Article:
Martin Luther King Jr. was just making a name for himself when Ebony magazine asked him to pen a monthly advice column. Titled "Advice for Living," King's column ran between 1957 and 1958, reports Anna Holmes in the Washington Post.

At the time, King was just starting to come to international prominence: In February 1957, he made his first appearance on the cover of Time, thanks to his leadership of the Montgomery bus boycott. He had already appeared in Ebony numerous times when the magazine’s editors, inspired — and overwhelmed — by the volume of mail addressed to King, asked him to pen an advice column. "Let the man that led the Montgomery boycott lead you into happier living," read an advertisement in Ebony’s sister publication, Jet.

"I'm surprised people haven't paid more attention" to "Advice for Living," says David Garrow, author of the Pulitzer Prize-winning "Bearing the Cross: Martin Luther King Jr. and the Southern Christian Leadership Conference." "Most of King’s sermons and speeches are coming from the same mental database of biblical stories, but this column gives you a window onto the person that you don't get from reading the transcript of the sermon he gave the preceding Sunday."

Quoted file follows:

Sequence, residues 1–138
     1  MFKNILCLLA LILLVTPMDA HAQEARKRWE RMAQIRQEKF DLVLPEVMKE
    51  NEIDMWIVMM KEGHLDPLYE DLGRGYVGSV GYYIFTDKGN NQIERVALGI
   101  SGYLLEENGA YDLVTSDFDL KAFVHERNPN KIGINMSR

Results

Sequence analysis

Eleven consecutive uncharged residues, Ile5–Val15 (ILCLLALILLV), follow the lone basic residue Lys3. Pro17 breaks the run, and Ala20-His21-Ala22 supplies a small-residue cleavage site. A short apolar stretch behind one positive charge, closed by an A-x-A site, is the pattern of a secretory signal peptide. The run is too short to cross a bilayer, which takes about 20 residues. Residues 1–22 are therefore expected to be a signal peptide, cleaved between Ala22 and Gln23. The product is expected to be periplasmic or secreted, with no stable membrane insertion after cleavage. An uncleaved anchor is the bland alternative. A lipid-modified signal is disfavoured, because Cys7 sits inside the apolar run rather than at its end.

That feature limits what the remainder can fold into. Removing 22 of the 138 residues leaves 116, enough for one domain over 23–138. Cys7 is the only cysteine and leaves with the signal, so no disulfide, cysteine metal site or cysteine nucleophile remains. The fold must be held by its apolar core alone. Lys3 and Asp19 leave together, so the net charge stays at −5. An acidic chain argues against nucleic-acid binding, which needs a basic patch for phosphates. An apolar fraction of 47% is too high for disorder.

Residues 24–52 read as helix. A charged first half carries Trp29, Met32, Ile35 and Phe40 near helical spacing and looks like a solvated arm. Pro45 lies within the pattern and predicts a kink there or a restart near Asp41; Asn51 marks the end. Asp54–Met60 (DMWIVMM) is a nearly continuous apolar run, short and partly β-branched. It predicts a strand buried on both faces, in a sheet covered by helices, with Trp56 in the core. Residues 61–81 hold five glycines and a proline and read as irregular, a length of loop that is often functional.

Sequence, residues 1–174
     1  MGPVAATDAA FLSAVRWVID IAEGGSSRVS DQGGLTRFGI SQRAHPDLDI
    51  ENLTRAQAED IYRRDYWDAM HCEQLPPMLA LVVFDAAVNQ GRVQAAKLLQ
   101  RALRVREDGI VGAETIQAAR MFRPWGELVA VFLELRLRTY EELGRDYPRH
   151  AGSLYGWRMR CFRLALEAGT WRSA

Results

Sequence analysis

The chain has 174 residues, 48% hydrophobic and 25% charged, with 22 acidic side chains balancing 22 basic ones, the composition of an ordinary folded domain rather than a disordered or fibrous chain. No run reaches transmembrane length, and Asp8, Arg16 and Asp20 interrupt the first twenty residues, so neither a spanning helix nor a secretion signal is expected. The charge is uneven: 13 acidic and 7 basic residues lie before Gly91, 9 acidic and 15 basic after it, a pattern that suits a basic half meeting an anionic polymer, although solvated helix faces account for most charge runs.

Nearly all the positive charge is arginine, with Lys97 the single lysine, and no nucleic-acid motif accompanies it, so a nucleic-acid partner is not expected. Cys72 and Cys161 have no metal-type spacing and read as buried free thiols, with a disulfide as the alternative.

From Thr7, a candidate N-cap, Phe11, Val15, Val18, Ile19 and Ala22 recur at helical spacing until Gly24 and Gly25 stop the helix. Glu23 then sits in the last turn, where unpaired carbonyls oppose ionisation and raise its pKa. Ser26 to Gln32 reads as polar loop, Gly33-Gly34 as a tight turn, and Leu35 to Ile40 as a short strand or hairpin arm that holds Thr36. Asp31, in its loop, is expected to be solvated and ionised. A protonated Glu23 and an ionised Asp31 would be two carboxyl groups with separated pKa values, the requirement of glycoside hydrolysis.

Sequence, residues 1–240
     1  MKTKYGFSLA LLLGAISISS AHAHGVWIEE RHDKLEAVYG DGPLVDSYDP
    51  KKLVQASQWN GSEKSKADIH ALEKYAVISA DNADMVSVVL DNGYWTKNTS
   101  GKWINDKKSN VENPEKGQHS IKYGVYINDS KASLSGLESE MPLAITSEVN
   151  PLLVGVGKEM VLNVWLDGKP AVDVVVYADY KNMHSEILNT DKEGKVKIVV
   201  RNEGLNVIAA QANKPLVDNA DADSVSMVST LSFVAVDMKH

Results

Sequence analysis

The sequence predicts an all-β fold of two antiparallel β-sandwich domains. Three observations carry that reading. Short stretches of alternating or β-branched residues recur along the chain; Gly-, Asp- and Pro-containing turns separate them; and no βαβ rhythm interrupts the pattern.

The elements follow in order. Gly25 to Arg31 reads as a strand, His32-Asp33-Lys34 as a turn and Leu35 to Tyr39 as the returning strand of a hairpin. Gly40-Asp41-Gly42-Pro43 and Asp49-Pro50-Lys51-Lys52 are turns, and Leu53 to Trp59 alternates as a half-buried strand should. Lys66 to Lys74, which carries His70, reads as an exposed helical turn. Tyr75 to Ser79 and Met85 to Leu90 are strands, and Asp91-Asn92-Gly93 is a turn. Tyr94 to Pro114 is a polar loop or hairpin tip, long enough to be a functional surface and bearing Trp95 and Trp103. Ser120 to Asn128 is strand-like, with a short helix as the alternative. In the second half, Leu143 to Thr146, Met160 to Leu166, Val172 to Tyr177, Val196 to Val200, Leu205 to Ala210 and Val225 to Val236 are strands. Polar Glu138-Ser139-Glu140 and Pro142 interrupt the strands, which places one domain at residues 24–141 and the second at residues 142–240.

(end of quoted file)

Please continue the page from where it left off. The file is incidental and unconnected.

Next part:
In addition to proffering guidance on everything from marital strife to institutional racism, King's column was notable for what it symbolized: the mainstreaming of the black experience. As Clayborne Carson, the director of Stanford University's Martin Luther King Jr. Research and Education Institute, puts it, "Advice for Living" functioned as a sort of Kinsey Report, exposing both the distinctiveness and commonality of a population — in this case, the black middle class.

Fortunately for the rest of us, King declined to pursue a career in journalism.

Read the rest of the article at the Washington Post.